Then I would dig my own grave, on the edge of the meadow, in a comfortable place, bathed partially in light, and partially in the shade. I would make it deep enough to allow my disappearance, but shallow enough that I could still see the outstretched arms of the welcoming sky.

Then I would go see my family to say my last goodbye’s. The final hugs, the last look in their eyes, the last words that I would ever speak, the last words that I would ever hear.

I’d tell my sons that they have always been my one intention, that I have loved them more than life, and that I left footprints on the ground for them in case they ever lose their way. I’d tell my grandson that if he grows up to be like his dad, or his uncle, he’d be a very good man. I‘d tell him “Be yourself grandson, but carry their goodness inside you”.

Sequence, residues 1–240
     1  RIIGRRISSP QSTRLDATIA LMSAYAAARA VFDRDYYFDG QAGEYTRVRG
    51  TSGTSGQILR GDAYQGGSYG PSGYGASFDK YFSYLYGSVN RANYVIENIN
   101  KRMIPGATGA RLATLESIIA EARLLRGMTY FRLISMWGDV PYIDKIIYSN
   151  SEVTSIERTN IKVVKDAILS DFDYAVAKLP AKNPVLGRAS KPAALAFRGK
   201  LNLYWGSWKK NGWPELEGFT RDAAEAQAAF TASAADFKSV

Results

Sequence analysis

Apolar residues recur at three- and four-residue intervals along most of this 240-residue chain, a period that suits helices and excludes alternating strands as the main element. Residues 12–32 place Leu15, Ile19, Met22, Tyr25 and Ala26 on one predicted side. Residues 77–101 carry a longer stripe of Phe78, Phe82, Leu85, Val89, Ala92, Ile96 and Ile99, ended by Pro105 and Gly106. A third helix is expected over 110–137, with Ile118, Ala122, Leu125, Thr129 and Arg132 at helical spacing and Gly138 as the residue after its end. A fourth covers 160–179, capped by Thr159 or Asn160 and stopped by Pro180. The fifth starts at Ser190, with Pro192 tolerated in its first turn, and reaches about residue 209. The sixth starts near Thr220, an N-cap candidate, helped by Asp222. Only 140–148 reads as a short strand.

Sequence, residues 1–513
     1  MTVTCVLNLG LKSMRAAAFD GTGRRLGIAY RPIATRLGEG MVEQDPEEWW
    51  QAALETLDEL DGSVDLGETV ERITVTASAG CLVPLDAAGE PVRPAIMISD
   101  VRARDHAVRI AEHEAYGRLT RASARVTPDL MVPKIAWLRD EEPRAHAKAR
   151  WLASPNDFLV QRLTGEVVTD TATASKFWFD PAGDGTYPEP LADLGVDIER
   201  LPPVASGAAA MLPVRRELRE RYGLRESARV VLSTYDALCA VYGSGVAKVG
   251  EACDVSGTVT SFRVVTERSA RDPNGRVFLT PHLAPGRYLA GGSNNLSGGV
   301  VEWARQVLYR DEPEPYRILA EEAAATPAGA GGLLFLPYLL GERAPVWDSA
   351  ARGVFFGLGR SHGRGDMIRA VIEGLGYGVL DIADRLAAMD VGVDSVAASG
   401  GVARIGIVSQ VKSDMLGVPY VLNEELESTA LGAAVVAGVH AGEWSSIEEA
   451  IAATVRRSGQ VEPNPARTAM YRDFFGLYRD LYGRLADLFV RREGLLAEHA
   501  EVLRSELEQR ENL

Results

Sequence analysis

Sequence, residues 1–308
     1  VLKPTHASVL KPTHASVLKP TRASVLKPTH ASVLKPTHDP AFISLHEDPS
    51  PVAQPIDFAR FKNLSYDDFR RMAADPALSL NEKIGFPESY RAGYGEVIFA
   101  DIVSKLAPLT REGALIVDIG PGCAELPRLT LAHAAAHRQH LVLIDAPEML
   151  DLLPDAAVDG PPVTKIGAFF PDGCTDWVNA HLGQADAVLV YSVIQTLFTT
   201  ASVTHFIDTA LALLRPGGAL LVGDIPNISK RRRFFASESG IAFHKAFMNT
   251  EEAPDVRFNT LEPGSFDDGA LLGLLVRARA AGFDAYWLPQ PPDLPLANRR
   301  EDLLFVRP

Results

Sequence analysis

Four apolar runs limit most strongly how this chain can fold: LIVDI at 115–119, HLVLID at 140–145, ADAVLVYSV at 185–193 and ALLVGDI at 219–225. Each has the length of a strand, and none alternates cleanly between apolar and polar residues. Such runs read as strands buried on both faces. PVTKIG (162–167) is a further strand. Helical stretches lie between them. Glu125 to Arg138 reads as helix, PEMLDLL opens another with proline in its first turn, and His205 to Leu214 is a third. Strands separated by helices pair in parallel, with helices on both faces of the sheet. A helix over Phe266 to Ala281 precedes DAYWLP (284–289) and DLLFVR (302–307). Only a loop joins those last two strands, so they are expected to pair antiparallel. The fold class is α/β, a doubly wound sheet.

I’d tell the mother of my sons that I have always loved the part of her I find in them. I’d tell my little sister how much I’ve loved her, how she has been the pulse of my own heart, and that the loveliness of her ascension has always inspired me. I’d tell my little brother, how proud of him I have always been, and how humbled I have felt by his goodness. I’d let my parents know that I wish it had never been necessary for us to miss out on so much of each other’s lives. I would thank them for the foundation they gave me early on, and the embrace along the way. I’d tell my wife that I was found by her, and loved by her, that she was better at it than I was, but that my affection, and appreciation, for her ran as deep as the inadequacy of my love, like clean water underground, like a profound, but introverted, dream.